Sydney Grew has been very ambitious with the structure of this particular forum, The Third, attempting to put the world to rights, and if we bother to contribute to many of the topics, finding ways to turn Utopia into Eutopia.
"The term utopia was coined in Greek by Sir Thomas More for his 1516 book Utopia, describing a fictional island society in the Atlantic Ocean. The word comes from the Greek: οὐ ("not") and τόπος ("place") and means "no-place", and strictly describes any non-existent society 'described in considerable detail'. However, in standard usage, the word's meaning has narrowed and now usually describes a non-existent society that is intended to be viewed as considerably better than contemporary society. Eutopia, derived from the Greek εὖ ("good" or "well") and τόπος ("place"), means "good place", and is strictly speaking the correct term to describe a positive utopia. In English, eutopia and utopia are homophonous, which may have given rise to the change in meaning."
My own sense is that you cannot make one straight thing out of the crooked timber of humanity (Kant). We can, however, try, so congratulations to Sydney for having a go. In this beautiful world, all things are possible.
This year, Somerset House celebrates the 500th anniversary of the publication of Thomas More’s inspirational text. Utopia 2016 is the largest ever celebration of this radical work anywhere in the world. It spans the realms of art, literature, fashion, design, architecture, film and more, featuring a varied programme of special events, exhibitions and new commissions across the Somerset House site and beyond. The Utopia Treasury, in Somerset House’s Great Arch Hall and open all year, will invite people to explore, taste, and imagine utopia.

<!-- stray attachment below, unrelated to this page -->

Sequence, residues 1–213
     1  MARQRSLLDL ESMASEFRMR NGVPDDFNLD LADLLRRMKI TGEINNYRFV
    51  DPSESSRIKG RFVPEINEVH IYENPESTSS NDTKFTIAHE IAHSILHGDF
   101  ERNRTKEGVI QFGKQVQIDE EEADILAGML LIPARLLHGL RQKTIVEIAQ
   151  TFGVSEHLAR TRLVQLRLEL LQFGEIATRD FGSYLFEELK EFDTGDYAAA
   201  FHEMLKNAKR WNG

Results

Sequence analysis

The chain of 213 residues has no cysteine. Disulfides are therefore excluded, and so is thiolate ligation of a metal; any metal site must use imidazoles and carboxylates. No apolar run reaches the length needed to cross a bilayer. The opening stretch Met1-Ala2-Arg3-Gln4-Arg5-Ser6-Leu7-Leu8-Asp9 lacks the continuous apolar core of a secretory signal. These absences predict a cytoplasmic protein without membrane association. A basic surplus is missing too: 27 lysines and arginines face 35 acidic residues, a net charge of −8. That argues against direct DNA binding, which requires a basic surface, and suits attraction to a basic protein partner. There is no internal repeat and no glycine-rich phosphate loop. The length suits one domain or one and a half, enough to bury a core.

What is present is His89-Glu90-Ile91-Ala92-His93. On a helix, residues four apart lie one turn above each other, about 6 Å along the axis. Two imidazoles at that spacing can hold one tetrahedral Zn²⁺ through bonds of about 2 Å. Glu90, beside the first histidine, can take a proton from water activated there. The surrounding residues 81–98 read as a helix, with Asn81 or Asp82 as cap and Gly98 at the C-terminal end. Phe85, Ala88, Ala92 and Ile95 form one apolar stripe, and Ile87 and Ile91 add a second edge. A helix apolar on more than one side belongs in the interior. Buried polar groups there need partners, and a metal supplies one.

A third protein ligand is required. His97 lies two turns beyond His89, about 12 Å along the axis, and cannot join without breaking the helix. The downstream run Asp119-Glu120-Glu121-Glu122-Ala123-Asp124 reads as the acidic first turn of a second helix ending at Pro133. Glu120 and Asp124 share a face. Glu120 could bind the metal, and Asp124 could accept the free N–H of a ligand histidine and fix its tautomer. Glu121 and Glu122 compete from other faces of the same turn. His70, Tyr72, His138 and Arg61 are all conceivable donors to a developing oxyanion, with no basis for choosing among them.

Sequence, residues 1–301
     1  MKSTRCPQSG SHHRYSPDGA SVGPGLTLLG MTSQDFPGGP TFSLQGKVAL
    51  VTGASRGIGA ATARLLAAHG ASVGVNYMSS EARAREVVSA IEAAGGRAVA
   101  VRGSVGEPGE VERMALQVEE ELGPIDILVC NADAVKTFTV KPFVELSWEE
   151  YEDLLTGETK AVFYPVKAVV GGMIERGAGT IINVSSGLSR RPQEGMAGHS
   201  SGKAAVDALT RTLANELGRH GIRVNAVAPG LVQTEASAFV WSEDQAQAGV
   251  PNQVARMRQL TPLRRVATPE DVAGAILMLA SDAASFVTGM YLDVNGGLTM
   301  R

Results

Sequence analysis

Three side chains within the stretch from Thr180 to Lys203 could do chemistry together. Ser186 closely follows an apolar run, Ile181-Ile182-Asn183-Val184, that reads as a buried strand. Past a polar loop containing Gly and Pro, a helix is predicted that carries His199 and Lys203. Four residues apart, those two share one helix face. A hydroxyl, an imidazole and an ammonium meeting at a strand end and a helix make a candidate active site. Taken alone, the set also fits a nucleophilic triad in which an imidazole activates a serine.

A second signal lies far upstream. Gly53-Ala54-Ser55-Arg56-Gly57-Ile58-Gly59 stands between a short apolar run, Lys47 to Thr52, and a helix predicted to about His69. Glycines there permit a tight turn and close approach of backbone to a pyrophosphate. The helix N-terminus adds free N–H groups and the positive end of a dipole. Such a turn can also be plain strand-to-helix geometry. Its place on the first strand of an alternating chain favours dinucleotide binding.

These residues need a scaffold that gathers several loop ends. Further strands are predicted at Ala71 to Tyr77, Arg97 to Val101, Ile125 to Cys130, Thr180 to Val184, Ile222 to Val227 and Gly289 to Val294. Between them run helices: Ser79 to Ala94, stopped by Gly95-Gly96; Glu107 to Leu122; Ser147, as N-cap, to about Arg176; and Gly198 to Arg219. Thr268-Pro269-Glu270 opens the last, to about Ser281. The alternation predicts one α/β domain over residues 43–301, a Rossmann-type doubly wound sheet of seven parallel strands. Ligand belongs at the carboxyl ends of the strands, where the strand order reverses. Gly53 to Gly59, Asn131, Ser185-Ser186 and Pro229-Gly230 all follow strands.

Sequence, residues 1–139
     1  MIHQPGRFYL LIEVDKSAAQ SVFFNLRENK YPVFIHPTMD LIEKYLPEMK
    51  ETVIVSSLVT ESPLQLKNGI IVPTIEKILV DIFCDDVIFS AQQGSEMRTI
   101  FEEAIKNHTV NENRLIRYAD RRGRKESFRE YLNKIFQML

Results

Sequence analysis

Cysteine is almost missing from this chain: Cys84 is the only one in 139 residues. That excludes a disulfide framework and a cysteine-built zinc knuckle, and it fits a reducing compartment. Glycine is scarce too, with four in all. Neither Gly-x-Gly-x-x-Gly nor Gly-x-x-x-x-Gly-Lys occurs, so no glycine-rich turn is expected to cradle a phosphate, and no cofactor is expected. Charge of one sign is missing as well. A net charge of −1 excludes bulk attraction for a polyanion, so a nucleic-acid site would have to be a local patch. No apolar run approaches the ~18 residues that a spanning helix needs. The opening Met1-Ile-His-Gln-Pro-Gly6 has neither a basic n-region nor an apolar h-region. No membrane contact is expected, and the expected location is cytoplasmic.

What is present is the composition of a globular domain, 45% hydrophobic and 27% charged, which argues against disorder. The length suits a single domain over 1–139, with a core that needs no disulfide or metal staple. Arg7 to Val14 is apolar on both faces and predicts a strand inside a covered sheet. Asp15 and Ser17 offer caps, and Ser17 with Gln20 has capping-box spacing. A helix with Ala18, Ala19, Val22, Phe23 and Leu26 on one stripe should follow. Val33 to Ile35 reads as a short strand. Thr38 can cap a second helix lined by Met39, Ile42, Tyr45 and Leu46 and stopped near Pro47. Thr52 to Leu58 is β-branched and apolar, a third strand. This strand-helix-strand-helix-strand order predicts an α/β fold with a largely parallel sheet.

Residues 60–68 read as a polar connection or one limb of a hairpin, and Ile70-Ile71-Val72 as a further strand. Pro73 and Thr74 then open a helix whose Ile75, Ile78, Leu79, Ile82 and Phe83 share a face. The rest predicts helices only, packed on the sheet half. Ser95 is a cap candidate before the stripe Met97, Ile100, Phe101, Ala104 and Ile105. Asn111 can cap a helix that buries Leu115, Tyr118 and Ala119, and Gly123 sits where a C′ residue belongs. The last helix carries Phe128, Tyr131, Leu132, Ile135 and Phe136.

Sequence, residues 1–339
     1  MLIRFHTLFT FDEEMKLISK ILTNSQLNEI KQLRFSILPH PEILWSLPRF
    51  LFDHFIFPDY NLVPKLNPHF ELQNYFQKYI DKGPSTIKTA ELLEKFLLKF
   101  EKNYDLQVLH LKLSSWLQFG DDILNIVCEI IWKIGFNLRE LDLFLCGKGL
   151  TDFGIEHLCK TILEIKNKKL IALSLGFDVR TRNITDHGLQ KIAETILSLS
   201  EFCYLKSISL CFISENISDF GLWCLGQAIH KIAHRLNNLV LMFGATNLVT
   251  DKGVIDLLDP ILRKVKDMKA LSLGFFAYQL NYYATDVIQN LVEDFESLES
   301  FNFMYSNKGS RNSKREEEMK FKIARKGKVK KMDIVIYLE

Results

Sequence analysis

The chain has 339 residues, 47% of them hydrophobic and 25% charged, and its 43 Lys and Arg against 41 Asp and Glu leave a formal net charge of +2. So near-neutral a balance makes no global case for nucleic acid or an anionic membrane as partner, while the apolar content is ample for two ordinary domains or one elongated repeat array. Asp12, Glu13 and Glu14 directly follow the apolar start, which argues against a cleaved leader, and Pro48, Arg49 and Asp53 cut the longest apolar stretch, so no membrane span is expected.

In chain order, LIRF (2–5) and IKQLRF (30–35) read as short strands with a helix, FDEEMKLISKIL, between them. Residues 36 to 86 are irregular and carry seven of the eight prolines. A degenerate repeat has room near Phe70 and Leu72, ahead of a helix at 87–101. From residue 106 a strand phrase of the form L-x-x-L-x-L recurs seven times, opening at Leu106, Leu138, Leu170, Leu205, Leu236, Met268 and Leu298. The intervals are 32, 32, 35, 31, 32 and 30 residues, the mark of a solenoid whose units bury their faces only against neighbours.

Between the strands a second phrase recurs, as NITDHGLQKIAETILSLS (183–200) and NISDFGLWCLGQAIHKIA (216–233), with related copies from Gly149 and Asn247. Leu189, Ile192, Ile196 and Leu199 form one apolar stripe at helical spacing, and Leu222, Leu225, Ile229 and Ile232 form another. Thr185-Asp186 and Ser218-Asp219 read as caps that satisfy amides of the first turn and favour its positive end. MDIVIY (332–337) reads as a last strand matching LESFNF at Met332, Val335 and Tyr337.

Thomas More was the first to give a name and form to an idea that has captured the human imagination throughout history: that by imagining a better world is possible, we are empowered to create it. His playful vision, published in 1516, presents an ideal society living on a fictitious island, described in a traveller’s tale. More’s Utopia is deliberately ambiguous, the Greek words on which the name is based mean both ‘no place’ and ‘good place’. It is not a blueprint for the future; instead he places importance on the process of dreaming in the now.
To celebrate More’s vision, everyone reading 'The Third' is cordially invited along to explore challenges facing contemporary culture and society, and the pivotal role of the arts and culture in creating the space where dreams can take root. If you cannot make it to Somerset House in person, here it is online: